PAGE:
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Cognitive processes during natural tasks

Trainee Achievements

Cognitive processes during natural tasks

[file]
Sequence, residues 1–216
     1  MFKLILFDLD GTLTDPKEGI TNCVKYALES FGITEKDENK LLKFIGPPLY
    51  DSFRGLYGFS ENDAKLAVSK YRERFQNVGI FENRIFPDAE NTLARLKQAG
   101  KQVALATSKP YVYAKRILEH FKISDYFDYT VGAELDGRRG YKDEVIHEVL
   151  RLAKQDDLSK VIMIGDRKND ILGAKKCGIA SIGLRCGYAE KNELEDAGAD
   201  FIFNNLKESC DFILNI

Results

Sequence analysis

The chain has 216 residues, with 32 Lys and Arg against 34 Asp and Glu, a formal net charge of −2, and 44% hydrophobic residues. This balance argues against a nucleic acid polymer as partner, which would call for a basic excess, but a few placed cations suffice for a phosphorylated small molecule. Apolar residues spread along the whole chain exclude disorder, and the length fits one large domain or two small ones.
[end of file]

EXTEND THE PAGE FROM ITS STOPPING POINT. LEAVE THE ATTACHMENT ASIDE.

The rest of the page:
Human beings rely on multiple cognitive processes: perception, memory, and decision-making, that work cooperatively during performance of natural tasks. To study cooperativity, Melissa Kibbe devised a novel task in which subjects searched through an array of hidden visual objects (revealed via a mouse click or eye fixation) for a set of 3 that fell into a common class. Classification rules ranged in complexity (based on a single feature or presence/absence of multiple features). Kibbe found that as complexity increases people increased the number of visits and revisits to locations, showing a tradeoff between complexity and reliance on memory. These reflect genuine human cognitive limits; computer simulations showed that performance of an ideal observer without memory limits does not depend on the classification rule. Kibbe’s results support a unitary pool of cognitive resources that are allocated dynamically during natural task performance.